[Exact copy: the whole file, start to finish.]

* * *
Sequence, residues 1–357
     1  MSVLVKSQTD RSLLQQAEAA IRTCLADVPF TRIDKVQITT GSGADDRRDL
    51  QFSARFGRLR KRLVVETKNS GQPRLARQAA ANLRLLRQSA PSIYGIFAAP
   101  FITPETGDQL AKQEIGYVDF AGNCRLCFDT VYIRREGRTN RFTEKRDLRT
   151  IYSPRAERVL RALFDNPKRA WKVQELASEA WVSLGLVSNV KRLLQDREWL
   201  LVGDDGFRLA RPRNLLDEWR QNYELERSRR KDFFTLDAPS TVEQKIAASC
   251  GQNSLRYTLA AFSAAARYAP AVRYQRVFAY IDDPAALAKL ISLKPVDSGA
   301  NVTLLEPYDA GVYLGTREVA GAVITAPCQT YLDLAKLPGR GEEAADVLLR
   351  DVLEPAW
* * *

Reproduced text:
Sequence, residues 1–357
     1  MSVLVKSQTD RSLLQQAEAA IRTCLADVPF TRIDKVQITT GSGADDRRDL
    51  QFSARFGRLR KRLVVETKNS GQPRLARQAA ANLRLLRQSA PSIYGIFAAP
   101  FITPETGDQL AKQEIGYVDF AGNCRLCFDT VYIRREGRTN RFTEKRDLRT
   151  IYSPRAERVL RALFDNPKRA WKVQELASEA WVSLGLVSNV KRLLQDREWL
   201  LVGDDGFRLA RPRNLLDEWR QNYELERSRR KDFFTLDAPS TVEQKIAASC
   251  GQNSLRYTLA AFSAAARYAP AVRYQRVFAY IDDPAALAKL ISLKPVDSGA
   301  NVTLLEPYDA GVYLGTREVA GAVITAPCQT YLDLAKLPGR GEEAADVLLR
   351  DVLEPAW